Mack joined the star wide receiver of the Gulls. #17. Billy D. They walked through a side tunnel to their cars. Each carried a duffel bag loaded heavy to their ankles with stuff. They took a route to avoid the worst sand pelts of the storm, but mostly, to evade the crowds of fans. The tunnel was dark, it meandered through a lobby. Only a few spotlights lit the halls. Billy D. had spent most of the post-game in a joyous mood. Playoffs, baby, playoffs. Their journey soon took that away. It lay lost in the gloom. For now at least, he had forgotten the game. Mack strode behind him, his thick black hair still wet from the showers. His raccoon eyes were bruised, bloodied, but unbowed. They soon heard excited voices ahead of them, in the light, and recognized them as more fans. They took another detour and turned towards the darkness into a section of the stadium still under construction.
Billy D. looked from shadow to shadow.
“Money's been good to Rigdon.”
Mack felt the dark press into him, the exhaustion of the game made him restless. So too did the trip. He just wanted to be home.
“The occupation’s been good to him too. Wonder what he is, when the hurly burly’s done. Maybe little more than a bloated Americrat.”
Filaments of dust rose to meet their journey. Mack struggled for a second.
“What is this place?”
Mack's silence grew heavier, from which he felt he could not rise. He just saw more unfinished concession stands. Hi-tech nachos and hot dogs. Creature comforts were aliens to his desert world.
“You said, 'money's been good' to the Man. Well, here are more attractions he wants to put in.”
Billy D. removed a splinter of dust from his eye to see unopened crates of wondrous toys.
“The selling of the selling is what gets people to come. That's what they want to see...”
Mack walked neck-n-neck with Billy D, suddenly competitive.
“He's made a killing during the occupation.”
Mack could feel a cold blast of wind morph out of an earlier draft. Professional Ameri-ball draft day. Billy D. as the #1 pick.
Billy D. answered with the choice of a route none had taken before.
“This team was never meant to win. How does it go? 'Ameri-ball is an extension of politics by any other means'?”
Mack growled. It was hard for him to tell what made him do so. The statement? The cold blast of air that put the taste of dirt in his mouth? He might choke on the dust. Yet his kind had taught him to eat the salt of the earth if he had to.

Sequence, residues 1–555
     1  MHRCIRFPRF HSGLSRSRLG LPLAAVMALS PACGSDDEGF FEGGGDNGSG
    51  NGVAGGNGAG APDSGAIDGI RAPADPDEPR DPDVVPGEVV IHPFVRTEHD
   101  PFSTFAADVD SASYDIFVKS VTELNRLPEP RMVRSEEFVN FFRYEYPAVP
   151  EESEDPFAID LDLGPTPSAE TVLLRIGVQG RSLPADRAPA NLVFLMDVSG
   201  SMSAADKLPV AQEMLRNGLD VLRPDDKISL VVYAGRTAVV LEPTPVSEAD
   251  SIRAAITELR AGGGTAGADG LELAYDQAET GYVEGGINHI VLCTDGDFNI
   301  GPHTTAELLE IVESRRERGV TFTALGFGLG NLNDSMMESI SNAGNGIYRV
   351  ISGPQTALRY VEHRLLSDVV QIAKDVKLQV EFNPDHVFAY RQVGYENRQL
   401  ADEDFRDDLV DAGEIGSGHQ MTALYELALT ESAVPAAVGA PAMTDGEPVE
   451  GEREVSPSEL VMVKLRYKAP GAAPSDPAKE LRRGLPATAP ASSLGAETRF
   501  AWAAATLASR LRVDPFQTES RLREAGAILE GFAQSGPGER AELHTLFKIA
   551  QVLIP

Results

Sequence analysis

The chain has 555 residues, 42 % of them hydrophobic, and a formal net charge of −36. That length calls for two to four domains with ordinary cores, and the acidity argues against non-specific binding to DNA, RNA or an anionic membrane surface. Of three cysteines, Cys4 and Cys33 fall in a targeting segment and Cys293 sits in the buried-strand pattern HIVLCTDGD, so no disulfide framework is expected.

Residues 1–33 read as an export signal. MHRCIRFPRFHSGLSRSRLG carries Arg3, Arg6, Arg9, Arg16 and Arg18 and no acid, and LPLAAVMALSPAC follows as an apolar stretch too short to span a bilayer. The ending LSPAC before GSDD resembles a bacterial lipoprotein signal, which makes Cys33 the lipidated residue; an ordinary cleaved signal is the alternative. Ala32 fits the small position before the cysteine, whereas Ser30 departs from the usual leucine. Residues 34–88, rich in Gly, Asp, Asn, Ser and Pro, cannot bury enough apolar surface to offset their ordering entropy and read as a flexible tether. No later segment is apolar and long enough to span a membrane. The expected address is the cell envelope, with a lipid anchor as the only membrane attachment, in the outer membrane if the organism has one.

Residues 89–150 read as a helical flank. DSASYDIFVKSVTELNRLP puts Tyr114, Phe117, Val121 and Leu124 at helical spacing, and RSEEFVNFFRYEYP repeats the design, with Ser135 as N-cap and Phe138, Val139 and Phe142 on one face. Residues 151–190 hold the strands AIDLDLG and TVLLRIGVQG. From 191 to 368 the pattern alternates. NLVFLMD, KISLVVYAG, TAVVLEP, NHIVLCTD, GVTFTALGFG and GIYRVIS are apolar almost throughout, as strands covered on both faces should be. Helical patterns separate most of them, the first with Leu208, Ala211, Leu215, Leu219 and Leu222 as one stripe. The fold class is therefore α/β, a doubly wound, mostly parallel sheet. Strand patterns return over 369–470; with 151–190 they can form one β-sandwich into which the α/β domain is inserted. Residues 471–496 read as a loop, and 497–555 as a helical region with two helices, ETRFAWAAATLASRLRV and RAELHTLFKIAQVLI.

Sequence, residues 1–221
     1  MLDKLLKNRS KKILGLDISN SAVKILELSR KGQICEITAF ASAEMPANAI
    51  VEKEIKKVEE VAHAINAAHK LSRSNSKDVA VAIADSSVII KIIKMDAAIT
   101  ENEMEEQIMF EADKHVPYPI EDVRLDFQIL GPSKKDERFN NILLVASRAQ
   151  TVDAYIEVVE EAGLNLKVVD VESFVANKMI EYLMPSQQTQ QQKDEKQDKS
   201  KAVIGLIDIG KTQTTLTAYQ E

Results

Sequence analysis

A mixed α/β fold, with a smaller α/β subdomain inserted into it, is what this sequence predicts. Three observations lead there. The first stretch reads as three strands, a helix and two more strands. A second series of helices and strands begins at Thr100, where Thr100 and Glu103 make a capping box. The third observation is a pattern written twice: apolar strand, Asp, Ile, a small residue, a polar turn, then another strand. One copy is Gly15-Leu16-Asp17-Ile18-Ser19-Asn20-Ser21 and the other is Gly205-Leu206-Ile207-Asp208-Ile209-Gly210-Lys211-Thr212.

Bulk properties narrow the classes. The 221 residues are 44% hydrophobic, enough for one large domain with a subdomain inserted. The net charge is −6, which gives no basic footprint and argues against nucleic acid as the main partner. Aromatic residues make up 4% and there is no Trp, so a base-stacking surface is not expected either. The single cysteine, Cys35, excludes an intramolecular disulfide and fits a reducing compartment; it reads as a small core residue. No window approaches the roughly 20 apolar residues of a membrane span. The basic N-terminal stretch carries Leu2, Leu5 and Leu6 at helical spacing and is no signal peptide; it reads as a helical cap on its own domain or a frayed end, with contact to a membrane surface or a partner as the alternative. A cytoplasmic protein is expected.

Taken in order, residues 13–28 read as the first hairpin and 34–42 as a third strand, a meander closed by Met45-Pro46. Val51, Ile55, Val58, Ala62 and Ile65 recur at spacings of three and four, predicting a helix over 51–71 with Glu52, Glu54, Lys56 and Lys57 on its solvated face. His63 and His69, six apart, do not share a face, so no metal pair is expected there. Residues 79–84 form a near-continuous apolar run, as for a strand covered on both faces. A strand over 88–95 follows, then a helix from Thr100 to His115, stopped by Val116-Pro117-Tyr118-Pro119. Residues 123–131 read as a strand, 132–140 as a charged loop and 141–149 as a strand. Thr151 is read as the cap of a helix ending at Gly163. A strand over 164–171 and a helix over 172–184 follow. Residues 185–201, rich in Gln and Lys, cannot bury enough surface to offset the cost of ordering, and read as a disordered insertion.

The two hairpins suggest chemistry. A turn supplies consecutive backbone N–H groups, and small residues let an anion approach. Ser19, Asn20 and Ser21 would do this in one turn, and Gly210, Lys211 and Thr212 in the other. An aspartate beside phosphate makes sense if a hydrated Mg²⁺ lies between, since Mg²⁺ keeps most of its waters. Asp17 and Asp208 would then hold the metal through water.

Mack and Billy D. had entered a larger part of the uncompleted lobby. Construction tape and plastic sheets were ribbons in the cold salty air. In the back lay a light, it shone through the suspended dust as neither illumination nor beacon. It was a dead star but the strange silhouettes around it suggested a world alive.
They entered, an invisible hand had knocked away the plastic sheet that served as a barrier against the night. The storm had free rein now. It lashed against the workspace of left behind tools, workbenches, and other devices that opened up places for development. With the labors of men stilled, the sands on the winds formed a miniature mountain range and Mack and Billy D. were adventurers who braved the wide-open scale not yet bridged by progress and moved across the dark valley towards the sole star in the sky.
They walked through a doorway and closed the door behind them.
Mack looked above him. A sign read Monsters That Never Were. He saw shapes in the shadows. Things reached out with their stubby arms with razor claws attached. Tails were raised, frozen, and ready to thump the earth. Each one roamed its respective diorama, each background a matte painting of extinct fauna of broad leaves, smoking volcanoes, great things that flew nevermore, and shallow warm seas in onetime basins.
Billy D. motioned towards the great light that hung in the rafters. Three women appeared against unfinished backdrops of Lamurian tropics. Dead and extinct lands. Billy D. flashed with startled fear, nearly gasped, and asked.
Mack retreated for a second into wild thoughts. Where he lay fearful of the way mysteries rearranged in his mind. He would sooner dash them apart, then let them build a picture. Too late, in this case.
He had one.
Three Gulls' cheerleaders still decked out in team livery and all in a row. Each occupied an unfinished display. Where brighter suns warmed the tops of primordial forests and bathed the waves of tepid inland seas.
Yet here were flightier fancies. Here, imaginations placed dinosaurs into the epoch of the Great Apes. Savage digits had twisted leaves and branches into leashes, and placed bridles upon scaly, feathered necks and heads. One even rode upon one's back.
One cheerleader with fine threads of black hair dropped a strip of slickened newspaper into a bucket of wet plaster of Paris. Clumps of white material hung in her bangs.
“We hope your don’t mind. We just wanted to celebrate your victory.”
Another cheerleader with ruddy cheeks lifted the air filter off her face.
“It's been a tough year, and you both deserve it.”
A dusky cheerleader wiped wet plaster on her apron.
“We just wanted to give you a proper send off. Off to Texas you go.”
Billy D. walked in front of the spellbound Mack.
“You three are weird.”
The three cheerleaders backed away from a brontosaurus with a cock-eyed Gulls hat on its head. Each looked screwy as they walked on a soil of ground up rubber tires and sneaker soles. The recreated diluvial deposits of the Pennsylvanian Era. They almost bounced on their feet.
“Oh, really? Rigdon. He's too busy in his new hot tub to notice... isn't it in the shape of a...”
“A gull. It’s shaped like a gull.”
“Right, of course it would.”
Laughter, then a resumption of the play-by-play.